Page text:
Child destruction

Child destruction is the name of a statutory offence in England and Wales, Northern Ireland and Hong Kong. The offence of that name has been abolished and replaced in Victoria.

Child destruction is the crime of killing an unborn but viable fetus; that is, a child "capable of being born alive", before it has "a separate existence".[1]

People have been convicted of the offence for injuring a heavily-pregnant woman in the abdomen, such that her fetus dies; for killing a fetus during childbirth; or for performing a late-term abortion. In United States law, the crime of feticide may encompass both illegal abortion of non-viable fetuses and what would in English law be defined as "child destruction".[citation needed]

Its purpose is to criminalize the killing of a child during its birth, because this is neither abortion[2] nor homicide[3] for the purposes of the criminal law. It can also be used to prosecute late abortions.[4]

During the second reading of the Preservation of Infant Life Bill 1928 to 1929, Lord Atkin said:

As the noble and learned Lord has explained, the gap is that, whereas the mother of a child who kills it after it has a separate existence is guilty of what was the crime of murder and is now the lesser offence of infanticide, yet, if she kills the child in the actual course of delivery or within such a short time afterwards that it has not had and cannot be proved to have had a separate existence, it is not an offence.[5]


England and Wales

In England and Wales, the offence is created by section 1(1) of the Infant Life (Preservation) Act 1929:

(1)Subject as hereinafter in this subsection provided, any person who, with intent to destroy the life of a child capable of being born alive, by any wilful act causes a child to die before it has an existence independent of its mother, shall be guilty of felony, to wit, of child destruction, and shall be liable on conviction thereof on indictment to penal servitude for life:

Provided that no person shall be found guilty of an offence under this section unless it is proved that the act which caused the death of the child was not done in good faith for the purpose only of preserving the life of the mother.

(2)For the purposes of this Act, evidence that a woman had at any material time been pregnant for a period of twenty-eight weeks or more shall be primâ facie proof that she was at that time pregnant of a child capable of being born alive.[6]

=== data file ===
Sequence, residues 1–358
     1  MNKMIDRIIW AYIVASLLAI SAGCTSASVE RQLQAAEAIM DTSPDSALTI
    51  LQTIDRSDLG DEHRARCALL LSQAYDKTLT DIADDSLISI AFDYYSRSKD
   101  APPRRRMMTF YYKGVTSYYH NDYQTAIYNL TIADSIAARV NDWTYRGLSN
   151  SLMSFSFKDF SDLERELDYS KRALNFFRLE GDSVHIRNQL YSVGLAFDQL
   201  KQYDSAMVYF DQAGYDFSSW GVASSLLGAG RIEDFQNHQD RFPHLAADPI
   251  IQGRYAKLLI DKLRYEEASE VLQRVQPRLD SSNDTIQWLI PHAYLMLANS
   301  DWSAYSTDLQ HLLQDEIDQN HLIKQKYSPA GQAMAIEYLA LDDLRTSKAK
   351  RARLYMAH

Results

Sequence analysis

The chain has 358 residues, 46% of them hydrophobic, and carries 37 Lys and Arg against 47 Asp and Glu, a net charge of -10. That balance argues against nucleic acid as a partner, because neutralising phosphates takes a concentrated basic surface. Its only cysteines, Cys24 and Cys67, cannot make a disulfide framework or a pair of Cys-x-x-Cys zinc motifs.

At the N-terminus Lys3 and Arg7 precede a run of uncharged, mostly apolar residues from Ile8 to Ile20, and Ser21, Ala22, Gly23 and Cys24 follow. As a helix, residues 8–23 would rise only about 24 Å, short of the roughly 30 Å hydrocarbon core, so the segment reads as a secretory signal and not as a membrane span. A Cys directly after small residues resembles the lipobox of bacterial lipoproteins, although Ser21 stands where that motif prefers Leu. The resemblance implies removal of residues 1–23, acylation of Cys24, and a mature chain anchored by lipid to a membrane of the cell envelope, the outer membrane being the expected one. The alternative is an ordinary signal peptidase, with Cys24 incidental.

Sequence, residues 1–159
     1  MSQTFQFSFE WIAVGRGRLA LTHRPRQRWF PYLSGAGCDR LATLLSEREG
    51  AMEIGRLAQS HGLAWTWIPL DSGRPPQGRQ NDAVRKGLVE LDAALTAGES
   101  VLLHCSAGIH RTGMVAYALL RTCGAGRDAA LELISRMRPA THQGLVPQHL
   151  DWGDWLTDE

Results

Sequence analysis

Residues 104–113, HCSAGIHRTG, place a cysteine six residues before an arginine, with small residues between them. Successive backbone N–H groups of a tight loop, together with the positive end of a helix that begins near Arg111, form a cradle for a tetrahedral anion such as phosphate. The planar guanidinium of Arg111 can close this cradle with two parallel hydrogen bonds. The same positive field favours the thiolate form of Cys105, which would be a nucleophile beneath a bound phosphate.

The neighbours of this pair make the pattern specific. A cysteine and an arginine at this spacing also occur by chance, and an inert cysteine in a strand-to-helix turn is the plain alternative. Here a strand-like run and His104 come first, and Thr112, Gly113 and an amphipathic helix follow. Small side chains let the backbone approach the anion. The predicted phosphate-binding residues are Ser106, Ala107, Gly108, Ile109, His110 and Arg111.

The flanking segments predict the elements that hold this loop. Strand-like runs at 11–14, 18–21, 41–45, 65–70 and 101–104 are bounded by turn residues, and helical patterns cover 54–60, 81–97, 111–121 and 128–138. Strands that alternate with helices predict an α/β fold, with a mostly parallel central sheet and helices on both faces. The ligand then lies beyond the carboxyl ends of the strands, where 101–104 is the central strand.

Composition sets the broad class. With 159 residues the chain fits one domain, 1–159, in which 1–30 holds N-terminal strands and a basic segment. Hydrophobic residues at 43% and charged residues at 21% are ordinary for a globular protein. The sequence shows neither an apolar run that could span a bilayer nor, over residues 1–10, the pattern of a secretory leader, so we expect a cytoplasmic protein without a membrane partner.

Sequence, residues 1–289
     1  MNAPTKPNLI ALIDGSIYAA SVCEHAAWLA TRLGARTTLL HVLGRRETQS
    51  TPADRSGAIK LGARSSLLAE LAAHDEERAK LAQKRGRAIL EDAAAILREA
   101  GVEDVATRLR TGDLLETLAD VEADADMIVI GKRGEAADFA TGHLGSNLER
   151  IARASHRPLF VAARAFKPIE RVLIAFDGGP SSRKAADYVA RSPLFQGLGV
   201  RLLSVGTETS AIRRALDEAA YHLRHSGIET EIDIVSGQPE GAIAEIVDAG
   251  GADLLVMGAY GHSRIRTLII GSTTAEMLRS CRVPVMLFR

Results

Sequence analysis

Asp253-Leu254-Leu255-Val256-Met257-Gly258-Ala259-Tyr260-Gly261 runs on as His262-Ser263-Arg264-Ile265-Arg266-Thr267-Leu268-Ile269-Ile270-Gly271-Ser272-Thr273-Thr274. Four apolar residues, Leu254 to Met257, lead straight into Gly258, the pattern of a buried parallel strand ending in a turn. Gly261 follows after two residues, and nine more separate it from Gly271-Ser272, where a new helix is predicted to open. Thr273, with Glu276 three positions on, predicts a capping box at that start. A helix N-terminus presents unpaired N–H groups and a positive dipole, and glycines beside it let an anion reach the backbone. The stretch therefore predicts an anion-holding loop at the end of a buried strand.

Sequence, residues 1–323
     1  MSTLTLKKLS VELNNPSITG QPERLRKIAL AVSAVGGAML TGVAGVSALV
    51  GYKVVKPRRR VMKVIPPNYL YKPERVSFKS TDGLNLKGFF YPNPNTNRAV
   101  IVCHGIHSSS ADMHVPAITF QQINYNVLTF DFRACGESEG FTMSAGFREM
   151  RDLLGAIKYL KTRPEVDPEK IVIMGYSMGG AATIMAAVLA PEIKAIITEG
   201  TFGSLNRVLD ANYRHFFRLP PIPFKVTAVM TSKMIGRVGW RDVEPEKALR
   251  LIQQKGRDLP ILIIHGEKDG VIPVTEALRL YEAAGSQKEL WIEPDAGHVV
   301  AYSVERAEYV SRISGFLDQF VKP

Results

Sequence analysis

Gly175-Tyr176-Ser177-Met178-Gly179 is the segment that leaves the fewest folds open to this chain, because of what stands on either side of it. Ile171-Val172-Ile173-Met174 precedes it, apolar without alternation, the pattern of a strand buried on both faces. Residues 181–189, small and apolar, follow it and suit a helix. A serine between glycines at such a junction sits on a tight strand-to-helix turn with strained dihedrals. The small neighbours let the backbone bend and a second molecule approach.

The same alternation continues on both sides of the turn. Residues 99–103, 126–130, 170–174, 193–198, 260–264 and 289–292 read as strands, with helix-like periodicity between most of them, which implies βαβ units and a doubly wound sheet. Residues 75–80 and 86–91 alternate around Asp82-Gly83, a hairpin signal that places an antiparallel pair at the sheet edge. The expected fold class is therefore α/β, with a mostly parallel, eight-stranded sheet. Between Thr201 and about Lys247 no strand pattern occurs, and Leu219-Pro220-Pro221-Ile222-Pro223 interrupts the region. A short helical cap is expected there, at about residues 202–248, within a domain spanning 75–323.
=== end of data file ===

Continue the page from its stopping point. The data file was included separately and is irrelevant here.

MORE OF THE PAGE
See the Criminal Law Act 1967.

"Penal servitude"

The reference to a sentence of penal servitude must be construed as a reference to a sentence of imprisonment]]: The Criminal Justice Act 1948, section 1(1).

A registered medical practitioner who terminates a pregnancy in accordance with the provisions of the Abortion Act 1967 does not commit this offence.[7]

Mode of trial

Child destruction is an indictable-only offence.[8]


Child destruction is punishable with imprisonment for life or for any shorter term.[9]

The 1929 Act defined "capable of being born alive" as 28 weeks' gestation, later reduced to 24 weeks.[1]

The charge of child destruction is rare.[10] There were ten cases in the ten years to 1987.[11] When a woman who had a backstreet abortion while 7½ months pregnant was given a suspended sentence of 12 months in 2007,[12] the Crown Prosecution Service was unaware of any similar conviction.[10] In 2000, a man who stamped on his girlfriend's abdomen caused her to go into premature labour. Since he had intended to kill the fetus in the womb, whereas in fact the baby died shortly after birth, he was convicted of manslaughter and attempted child destruction.[13]

On February 12, 2011, 26 year old Carl Whant was charged with child destruction and murder of a 19 year old woman who was 8½ months pregnant.[14]

Northern Ireland

In Northern Ireland, the offence is created by section 25(1) of the Criminal Justice Act (Northern Ireland) 1945. [15]


Child destruction is punishable with imprisonment for life or for any shorter term.[16]


The first conviction for this offence was in 1997.[17] The coroner reporting on the 1998 Omagh bombing recommended that the Director of Public Prosecutions for Northern Ireland should prosecute for two counts of child destruction as well as 29 of murder, as one of those killed was 34 weeks pregnant with twins.[18]


Each state and territory of Australia has a separate criminal code. The offence is called "killing unborn child" in Queensland,[19] Western Australia (WA),[20] and Northern Territory (NT),[21] and "causing death of child before birth" in Tasmania.[22] In South Australia, it comes under the heading of "abortion".[23]